Current through Register Vol. 48, No. 14, April 8, 2022
Experimental services are not covered. A service is not experimental if:
1. It is generally and widely accepted as a
standard of care in the practice of medicine in the United States and is a safe
and effective treatment for the condition for which it is intended or
2. The service does not meet
the standard in subsection (A)(1), but the service has been demonstrated to be
safe and effective for the condition for which it is intended or used based on
the weight of the evidence in peer-reviewed articles in medical journals
published in the United States.
The service does not meet the standard in subsection (A)(2) because the
condition for which the service is intended or used is rare, but the service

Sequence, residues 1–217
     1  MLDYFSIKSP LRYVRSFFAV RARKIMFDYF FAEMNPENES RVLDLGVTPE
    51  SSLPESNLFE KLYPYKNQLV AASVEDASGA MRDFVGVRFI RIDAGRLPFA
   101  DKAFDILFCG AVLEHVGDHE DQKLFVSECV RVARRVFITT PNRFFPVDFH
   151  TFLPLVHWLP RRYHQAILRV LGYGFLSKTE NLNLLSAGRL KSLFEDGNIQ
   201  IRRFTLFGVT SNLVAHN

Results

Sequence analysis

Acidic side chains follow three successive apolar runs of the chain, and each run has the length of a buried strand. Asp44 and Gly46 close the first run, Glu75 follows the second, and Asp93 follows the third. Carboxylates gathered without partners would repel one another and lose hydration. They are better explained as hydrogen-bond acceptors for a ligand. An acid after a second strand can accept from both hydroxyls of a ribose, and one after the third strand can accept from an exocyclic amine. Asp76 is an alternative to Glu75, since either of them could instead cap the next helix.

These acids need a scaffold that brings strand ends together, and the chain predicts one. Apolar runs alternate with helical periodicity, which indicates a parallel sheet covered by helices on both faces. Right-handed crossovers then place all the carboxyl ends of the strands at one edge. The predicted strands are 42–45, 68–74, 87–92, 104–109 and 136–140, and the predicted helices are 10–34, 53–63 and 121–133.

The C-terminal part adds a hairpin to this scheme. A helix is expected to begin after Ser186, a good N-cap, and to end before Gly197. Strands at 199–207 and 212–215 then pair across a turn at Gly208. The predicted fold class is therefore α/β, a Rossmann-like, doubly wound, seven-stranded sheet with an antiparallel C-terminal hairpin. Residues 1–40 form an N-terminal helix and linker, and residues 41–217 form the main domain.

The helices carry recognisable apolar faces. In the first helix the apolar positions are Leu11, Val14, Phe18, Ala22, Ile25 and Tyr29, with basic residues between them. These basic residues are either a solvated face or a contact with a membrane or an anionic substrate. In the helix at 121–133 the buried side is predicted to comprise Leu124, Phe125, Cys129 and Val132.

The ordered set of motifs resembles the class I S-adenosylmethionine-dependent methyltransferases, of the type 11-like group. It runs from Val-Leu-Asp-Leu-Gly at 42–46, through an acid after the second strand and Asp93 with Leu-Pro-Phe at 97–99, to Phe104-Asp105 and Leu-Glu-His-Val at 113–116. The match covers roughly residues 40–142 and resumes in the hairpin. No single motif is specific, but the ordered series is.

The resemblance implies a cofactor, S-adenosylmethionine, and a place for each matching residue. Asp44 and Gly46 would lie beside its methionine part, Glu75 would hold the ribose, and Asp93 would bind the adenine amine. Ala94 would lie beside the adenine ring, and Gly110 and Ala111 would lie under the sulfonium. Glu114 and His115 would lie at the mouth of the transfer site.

has been demonstrated to be safe and effective for the condition for which it
is intended or used based on the weight of opinions from specialists who
provide the service or related services.
The following factors shall be considered
when evaluating the weight of peer-reviewed articles or the opinions of
1. The mortality rate and
survival rate of the service as compared to the rates for alternative
types, severity, and frequency of complications associated with the services as
compared with the complications associated with alternative non-experimental
3. The frequency with
which the service has been performed in the past.
4. Whether there is sufficient historical
information regarding the service to provide reliable data regarding risks and
5. The reputation and
experience of the authors and/or specialists and their record in related
6. The extent to which
medical science in the area develops rapidly and the probability that more
definite data will be available in the foreseeable future.
7. Whether the peer reviewed article
describes a random controlled trial or an anecdotal clinical case study.